SACRAMENTO COUNTY, Calif. — A free drive-up coronavirus testing program is coming to Sacramento on Tuesday thanks to Google's parent company Alphabet. The testing initiative called Project Baseline, is an effort by Verily Life Sciences to take a load off of government labs and hospitals by allowing people with mild symptoms to be checked.
So who is eligible? Sacramento County residents at least 18 years old who are experiencing moderate COVID-19 symptoms can fill out Verily's screener to check if they're qualified for testing.
The project's website says it is for those deemed in the high risk category by national guidelines and the California Department of Public Health "who may be exhibiting symptoms and have other risk factors."
"We are working to rapidly expand testing and will be updating the eligibility criteria once more tests become available," Verily's website said.
Officials with Verily did not respond when asked for the locations of the Project Baseline sites in Sacramento County.
More than 33,404 Americans have tested positive for COVID-19, and 400 people have died from the virus, making the U.S. third in the world for confirmed cases, behind China and Italy, according to the World Health Organization.
In Sacramento County, one of Verily's launch areas, there are 88 confirmed cases of the virus and four deaths, all of whom were people older than 70 with underlying health conditions.
The expansion of privatized testing will help ease some tensions at a time where hospitals nationwide are struggling to receive tests from the Centers for Disease Control and Prevention.
Vacaville Police Chief John Carli said in a conference call with White House officials over the weekend that it's of utmost importance that first responders begin getting tested more frequently. and was quoted as saying in a conference call to White House officials set-up by the International Association of Chiefs of Police:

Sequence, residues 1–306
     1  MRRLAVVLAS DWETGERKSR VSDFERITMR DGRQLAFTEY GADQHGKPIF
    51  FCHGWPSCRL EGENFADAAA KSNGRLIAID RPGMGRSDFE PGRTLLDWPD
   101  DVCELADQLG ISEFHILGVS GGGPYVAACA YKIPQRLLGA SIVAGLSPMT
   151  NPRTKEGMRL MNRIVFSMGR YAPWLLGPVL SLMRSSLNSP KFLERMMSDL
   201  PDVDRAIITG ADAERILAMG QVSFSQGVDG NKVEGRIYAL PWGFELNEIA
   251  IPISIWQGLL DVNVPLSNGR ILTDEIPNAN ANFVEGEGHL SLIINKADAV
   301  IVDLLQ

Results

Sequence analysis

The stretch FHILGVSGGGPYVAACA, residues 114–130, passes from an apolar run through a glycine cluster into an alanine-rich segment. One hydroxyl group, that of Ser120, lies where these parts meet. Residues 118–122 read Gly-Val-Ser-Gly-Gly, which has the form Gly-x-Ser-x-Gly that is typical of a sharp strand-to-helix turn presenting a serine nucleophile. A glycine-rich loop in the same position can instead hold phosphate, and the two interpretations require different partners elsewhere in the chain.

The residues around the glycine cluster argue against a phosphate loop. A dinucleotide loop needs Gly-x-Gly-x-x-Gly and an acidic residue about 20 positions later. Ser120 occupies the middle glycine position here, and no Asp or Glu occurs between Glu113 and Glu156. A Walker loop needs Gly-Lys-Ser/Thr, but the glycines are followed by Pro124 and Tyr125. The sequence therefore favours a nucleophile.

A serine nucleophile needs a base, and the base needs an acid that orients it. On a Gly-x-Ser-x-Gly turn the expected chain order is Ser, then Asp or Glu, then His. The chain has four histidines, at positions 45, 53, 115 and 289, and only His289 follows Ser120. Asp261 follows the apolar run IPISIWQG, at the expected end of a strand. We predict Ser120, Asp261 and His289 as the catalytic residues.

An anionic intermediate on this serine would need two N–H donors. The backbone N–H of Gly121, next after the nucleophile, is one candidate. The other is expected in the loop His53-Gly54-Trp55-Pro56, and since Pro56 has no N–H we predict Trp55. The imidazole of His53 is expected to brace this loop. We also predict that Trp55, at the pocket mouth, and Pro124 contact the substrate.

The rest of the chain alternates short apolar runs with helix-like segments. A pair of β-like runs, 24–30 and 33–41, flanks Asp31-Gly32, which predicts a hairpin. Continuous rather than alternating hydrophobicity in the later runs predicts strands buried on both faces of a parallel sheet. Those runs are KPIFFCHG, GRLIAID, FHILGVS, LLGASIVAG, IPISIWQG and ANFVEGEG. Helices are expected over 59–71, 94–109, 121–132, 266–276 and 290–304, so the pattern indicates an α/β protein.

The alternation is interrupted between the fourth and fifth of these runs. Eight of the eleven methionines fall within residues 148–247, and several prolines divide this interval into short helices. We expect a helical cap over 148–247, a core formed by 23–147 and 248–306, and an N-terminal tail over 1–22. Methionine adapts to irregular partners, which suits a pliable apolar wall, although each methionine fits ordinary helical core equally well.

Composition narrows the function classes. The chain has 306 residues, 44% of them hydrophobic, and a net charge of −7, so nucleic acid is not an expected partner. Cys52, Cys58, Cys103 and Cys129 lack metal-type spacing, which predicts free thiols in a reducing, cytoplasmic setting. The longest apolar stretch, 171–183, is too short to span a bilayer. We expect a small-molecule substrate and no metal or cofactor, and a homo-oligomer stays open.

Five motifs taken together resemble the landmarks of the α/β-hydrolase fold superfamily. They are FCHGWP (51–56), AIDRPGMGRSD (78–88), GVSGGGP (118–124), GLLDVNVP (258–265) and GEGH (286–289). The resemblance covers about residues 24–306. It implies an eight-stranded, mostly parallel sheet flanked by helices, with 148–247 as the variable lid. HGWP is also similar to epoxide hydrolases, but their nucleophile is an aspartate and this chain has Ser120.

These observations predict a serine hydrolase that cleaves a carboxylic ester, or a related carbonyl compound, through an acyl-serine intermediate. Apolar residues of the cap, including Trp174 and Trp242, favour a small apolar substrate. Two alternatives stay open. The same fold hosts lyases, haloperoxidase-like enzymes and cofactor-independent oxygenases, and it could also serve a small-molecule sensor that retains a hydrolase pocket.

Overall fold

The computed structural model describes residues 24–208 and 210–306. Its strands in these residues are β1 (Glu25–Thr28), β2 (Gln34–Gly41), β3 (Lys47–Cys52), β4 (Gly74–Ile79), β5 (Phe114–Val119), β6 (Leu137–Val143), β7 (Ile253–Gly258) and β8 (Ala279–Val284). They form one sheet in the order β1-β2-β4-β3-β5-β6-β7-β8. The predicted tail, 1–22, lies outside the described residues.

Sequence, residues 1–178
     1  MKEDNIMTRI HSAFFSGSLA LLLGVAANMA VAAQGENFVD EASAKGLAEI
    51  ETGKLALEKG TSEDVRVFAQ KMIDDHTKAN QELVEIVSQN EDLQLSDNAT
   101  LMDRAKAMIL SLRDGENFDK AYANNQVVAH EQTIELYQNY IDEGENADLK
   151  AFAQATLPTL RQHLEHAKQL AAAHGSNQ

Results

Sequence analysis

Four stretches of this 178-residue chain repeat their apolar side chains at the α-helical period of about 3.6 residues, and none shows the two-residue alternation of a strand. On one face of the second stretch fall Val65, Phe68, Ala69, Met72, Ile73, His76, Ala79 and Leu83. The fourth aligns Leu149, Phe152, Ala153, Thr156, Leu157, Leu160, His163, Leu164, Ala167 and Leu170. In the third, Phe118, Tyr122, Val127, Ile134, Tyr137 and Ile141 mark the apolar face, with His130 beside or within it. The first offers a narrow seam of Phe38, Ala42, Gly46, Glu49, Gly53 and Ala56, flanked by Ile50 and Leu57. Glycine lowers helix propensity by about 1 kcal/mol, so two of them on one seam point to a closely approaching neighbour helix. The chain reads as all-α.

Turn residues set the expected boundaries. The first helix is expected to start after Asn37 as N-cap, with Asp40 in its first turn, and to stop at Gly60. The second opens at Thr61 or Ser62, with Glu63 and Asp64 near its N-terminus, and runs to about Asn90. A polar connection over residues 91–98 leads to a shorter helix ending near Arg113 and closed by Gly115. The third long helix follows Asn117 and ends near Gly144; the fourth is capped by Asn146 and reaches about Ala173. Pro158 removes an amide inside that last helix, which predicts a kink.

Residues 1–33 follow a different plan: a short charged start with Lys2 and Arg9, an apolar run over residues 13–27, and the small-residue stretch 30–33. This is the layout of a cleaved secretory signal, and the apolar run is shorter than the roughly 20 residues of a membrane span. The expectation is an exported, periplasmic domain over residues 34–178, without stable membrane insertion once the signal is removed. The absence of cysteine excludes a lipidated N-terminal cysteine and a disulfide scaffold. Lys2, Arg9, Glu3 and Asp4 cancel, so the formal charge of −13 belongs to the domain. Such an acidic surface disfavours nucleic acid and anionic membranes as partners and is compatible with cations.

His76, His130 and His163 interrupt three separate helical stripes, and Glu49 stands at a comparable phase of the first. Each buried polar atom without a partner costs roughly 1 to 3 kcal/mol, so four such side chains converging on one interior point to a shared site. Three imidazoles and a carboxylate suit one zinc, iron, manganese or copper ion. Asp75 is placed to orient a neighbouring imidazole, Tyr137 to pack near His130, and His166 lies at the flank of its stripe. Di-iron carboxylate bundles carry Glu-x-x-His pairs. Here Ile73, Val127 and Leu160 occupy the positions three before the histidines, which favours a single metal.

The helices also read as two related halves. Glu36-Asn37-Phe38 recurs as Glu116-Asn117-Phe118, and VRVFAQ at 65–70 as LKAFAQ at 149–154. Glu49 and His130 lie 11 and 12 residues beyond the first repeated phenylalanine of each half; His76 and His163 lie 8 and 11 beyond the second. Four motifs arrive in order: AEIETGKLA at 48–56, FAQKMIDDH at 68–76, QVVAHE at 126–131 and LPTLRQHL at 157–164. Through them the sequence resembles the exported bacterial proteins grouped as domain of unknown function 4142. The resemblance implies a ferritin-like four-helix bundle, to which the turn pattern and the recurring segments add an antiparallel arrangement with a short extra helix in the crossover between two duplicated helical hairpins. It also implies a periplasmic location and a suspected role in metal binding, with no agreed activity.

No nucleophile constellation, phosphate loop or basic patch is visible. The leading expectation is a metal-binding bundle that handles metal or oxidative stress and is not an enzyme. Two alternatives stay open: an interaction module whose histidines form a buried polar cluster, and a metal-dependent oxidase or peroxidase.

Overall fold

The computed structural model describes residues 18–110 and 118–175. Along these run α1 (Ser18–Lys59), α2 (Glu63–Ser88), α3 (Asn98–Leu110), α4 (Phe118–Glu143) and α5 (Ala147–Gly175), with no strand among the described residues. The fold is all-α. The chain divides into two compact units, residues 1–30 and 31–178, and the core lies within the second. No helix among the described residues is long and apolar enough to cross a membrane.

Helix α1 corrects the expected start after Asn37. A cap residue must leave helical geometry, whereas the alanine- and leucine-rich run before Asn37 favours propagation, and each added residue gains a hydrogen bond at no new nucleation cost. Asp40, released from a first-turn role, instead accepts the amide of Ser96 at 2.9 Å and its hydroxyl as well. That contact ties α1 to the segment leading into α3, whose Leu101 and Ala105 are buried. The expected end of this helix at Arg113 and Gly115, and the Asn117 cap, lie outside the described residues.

"Stop testing NBA players, start testing first responders," Carli said in the call. Several NBA teams have tested their players for COVID-19 after Utah Jazz star Rudy Gobert tested positive earlier this month.
The NBA's ability to test players quickly, as well as movie stars having access to tests, have made many wonder if testing is widely available for the rich who can afford the access.
Still, Carli said he meant no offense to the players at all.
"In this particular case, if a test can determine that someone that might be exposed is not contagious, they don't have the symptoms, but they also aren't sure, they don't have to be sidelined 14 days," Carli said. "We need that first responder following good social distancing and hygiene to be in the field."
According to the CDC, coronavirus (COVID-19) is a family of viruses that is spreadable from person to person. Coronavirus is believed to have been first detected in a seafood market in Wuhan, China in December 2019. If someone is sick with coronavirus, the symptoms they may show include mild to severe respiratory illness, cough, and difficulty breathing.
Currently, there is no vaccine, however, the CDC suggests the following precautions, along with any other respiratory illness:
- Avoid close contact with people who are sick.
- Avoid touching your eyes, nose, and mouth.
- Stay home when you are sick.
- Cover your cough or sneeze with a tissue, then throw the tissue in the trash.
- Clean and disinfect frequently touched objects and surfaces using a regular household cleaning spray or wipe.
- Wash your hands with soap and water for a minimum of 20 seconds.
The CDC also says facemasks should only be used by people who show symptoms of the virus. If you’re not sick, you do not have to wear a facemask.
Should you be tested?
The California Department of Public Health has this set of criteria: You have coronavirus symptoms and have one of these risk factors:
- Have had contact with a person who has tested positive for COVID-19
- Work in a healthcare facility
- Are in prison or a first responder
- Are over 60 years old, have a compromised immune system, or have a serious chronic medical condition.
Follow the conversation on Facebook with Kurt Rivera.
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